The Illinois state prisons incarcerate 49,000 adults in a system designed for 32,000 at an annual cost of $1.4 billion. This makes incarceration the state's most expensive form of punishment. Illinois' prisons lack the resources to provide prisoners with meaningful programming, making it more likely that offenders will commit new crimes when they are released. In the 1960-1970's there were about 60 inmates incarcerated per 100,000 citizens with its prisons housing fewer than 10,000 people at a cost of less than $52 million. In the late 70's the politicians and opinion leaders shifted to the belief that "nothing worked" to rehabilitate offenders and the most effective response to crime was to increase the use of prisons to incapacitate current offenders and to deter future ones.
The result was that over the last four decades (1970-2012) the Illinois prison population has grown from fewer than 10,000 to the current high of about 49,000 inmates which represents about 380 inmates incarcerated per 100,000 citizens and at a cost of $1.4 billion.

Illinois State Commission on Criminal Justice and Sentencing Reform - Final Report: Part 1

 In February 2015, Governor Bruce Rauner created the Illinois Commission on Criminal Justice and Sentencing  Reform to make recommendations for amendments to state law that will reduce the state's current prison  population by 25% by 2025.

 The Commission completed Part 1 of their report in December, 2015 with a series of recommendation that  would make significant, long-term changes to the criminal justice system, and that would, in turn, safely and  significantly reduce the state's prison population over the next decade.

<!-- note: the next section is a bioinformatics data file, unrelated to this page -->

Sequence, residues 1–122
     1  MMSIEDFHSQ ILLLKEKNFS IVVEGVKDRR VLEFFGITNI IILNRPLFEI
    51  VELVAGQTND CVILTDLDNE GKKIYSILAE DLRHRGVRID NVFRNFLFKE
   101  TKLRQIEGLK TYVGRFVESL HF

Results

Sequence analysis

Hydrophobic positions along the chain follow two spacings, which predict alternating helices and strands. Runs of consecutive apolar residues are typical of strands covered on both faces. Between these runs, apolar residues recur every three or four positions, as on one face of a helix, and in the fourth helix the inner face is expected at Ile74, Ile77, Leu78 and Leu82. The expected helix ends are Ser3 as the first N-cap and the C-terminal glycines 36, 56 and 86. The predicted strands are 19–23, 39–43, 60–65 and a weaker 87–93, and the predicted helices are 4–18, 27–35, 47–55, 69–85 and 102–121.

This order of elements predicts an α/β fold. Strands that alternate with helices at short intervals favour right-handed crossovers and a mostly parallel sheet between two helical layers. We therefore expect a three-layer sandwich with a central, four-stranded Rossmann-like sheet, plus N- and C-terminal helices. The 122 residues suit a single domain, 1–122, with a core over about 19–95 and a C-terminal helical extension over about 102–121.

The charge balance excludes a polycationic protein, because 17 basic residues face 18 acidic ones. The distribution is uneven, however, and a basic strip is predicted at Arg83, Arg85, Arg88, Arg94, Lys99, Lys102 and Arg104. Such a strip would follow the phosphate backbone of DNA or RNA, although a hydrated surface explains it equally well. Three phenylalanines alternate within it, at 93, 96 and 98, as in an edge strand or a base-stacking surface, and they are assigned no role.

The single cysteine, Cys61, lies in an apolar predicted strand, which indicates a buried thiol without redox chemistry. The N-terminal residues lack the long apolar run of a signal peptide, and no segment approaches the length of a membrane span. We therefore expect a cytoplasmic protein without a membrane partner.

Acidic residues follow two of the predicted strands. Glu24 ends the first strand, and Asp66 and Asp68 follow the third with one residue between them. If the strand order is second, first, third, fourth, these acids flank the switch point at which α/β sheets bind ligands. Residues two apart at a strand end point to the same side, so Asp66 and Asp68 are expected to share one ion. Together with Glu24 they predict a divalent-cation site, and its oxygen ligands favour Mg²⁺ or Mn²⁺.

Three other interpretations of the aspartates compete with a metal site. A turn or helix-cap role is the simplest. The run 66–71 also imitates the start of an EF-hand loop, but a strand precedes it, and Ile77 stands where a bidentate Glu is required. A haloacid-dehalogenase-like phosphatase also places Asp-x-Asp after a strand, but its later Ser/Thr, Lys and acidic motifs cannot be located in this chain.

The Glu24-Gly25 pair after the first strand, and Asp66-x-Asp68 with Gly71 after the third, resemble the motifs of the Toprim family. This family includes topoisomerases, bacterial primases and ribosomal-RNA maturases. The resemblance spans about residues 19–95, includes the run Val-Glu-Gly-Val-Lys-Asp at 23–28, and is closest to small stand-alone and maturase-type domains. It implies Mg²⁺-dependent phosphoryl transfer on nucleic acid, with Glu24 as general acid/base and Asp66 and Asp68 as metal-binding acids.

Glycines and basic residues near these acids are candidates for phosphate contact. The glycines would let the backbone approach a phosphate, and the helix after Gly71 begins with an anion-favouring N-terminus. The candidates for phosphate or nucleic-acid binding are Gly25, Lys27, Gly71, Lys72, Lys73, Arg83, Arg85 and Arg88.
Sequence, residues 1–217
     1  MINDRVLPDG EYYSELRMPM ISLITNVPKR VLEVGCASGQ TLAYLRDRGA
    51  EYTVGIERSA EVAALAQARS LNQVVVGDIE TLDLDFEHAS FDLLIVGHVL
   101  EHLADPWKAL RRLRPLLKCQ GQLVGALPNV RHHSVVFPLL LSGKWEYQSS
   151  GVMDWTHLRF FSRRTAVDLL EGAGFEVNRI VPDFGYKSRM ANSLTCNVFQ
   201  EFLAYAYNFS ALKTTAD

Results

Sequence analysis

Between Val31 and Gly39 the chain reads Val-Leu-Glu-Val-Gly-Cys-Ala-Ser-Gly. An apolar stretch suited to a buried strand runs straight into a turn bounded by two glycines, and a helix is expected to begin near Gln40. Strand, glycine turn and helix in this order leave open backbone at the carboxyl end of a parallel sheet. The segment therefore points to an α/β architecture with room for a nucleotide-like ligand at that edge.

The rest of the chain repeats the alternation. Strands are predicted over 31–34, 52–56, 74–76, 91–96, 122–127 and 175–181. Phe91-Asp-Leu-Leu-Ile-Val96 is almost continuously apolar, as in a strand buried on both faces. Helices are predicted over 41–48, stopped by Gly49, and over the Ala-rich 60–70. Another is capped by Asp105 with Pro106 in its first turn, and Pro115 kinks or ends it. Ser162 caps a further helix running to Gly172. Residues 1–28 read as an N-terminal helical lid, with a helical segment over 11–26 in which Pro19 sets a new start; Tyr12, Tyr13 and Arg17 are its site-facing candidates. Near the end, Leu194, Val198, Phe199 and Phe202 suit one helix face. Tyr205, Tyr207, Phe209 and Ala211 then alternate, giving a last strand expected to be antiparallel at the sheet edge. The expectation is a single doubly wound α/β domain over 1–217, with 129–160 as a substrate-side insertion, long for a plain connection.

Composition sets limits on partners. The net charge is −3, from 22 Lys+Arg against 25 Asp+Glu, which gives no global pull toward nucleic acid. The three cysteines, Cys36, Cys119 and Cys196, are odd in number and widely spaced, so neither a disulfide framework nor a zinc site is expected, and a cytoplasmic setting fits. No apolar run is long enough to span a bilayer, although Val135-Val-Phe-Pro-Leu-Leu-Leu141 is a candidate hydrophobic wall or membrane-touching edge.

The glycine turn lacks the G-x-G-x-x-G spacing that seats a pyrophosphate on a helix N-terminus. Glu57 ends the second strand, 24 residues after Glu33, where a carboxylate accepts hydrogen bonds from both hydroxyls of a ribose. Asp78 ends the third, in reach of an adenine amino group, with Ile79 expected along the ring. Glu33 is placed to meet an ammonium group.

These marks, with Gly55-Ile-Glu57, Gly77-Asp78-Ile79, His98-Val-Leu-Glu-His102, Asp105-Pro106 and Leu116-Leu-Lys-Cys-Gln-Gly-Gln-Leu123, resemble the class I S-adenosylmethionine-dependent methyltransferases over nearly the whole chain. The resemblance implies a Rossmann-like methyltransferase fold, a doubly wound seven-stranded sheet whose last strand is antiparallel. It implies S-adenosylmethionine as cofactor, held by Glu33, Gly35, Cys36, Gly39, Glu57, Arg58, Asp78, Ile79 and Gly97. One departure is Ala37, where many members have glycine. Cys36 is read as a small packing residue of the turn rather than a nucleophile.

Some of the recommendations have now advanced to the level of Illinois State Senate and House Bills:

SB #3368: Requires IDOC and the Secretary of State to ensure that inmates have a State identification card upon release at no cost to the inmate, when their release plan contemplates Illinois residence. This ID card is needed to apply for a job, secure housing, and to receive treatment and medical care. Successful reentry is not possible without an individual having state identification.

SB #3294: Requires the Illinois Department of Corrections to increase use of electronic monitoring technology in lieu of imprisonment for both short-term inmates, pre-trial detention and inmates who are ready to be transitioned out of secure custody. The use of electronic detention would be based on risk assessment, need, and responsivity principles.

SB #3164: Gives judges the discretion to determine whether probation may be appropriate for the following offenses that include (a) residential burglary, (b) Class 2 felonies (second or subsequent), and (c) drug law violations.

HB #5973: Provides that for certain occupational licenses (barbering, cosmetology, roofing, accounting, real estate and funeral services), if the offense that a person was convicted for is not directly related to the professional field they seek to get a license for, then his/her conviction is not to be used as the sole basis for denying the license. This will help people achieve employment and to develop a career path when they reenter their community.

GOD and CAESAR - Their Entangled Jurisdiction in Criminal Justice

The presentation by Fr. Christian Reuter, OFM, was made as part of the capstone course Senior Seminar on Criminal Justice at Lindenwood University, Belleville, IL on March 24, 2016.
The focus was on three areas that would be encountered by those entering the criminal justice systems.

Quick Tour of Penal History and a snapshot of U.S. Corrections.

Moral/Ethical questions posed by the Criminal Justice System.

Personal challenges facing those entering Criminal Justice careers.